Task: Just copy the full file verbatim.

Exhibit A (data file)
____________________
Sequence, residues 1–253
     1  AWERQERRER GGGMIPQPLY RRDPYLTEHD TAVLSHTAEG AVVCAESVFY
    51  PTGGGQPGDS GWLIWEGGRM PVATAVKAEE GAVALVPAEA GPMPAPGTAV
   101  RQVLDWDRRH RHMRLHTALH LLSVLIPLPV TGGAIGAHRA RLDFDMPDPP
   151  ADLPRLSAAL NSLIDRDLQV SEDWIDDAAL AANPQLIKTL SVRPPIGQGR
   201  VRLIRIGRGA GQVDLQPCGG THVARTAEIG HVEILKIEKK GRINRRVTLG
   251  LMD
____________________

Sequence, residues 1–253
     1  AWERQERRER GGGMIPQPLY RRDPYLTEHD TAVLSHTAEG AVVCAESVFY
    51  PTGGGQPGDS GWLIWEGGRM PVATAVKAEE GAVALVPAEA GPMPAPGTAV
   101  RQVLDWDRRH RHMRLHTALH LLSVLIPLPV TGGAIGAHRA RLDFDMPDPP
   151  ADLPRLSAAL NSLIDRDLQV SEDWIDDAAL AANPQLIKTL SVRPPIGQGR
   201  VRLIRIGRGA GQVDLQPCGG THVARTAEIG HVEILKIEKK GRINRRVTLG
   251  LMD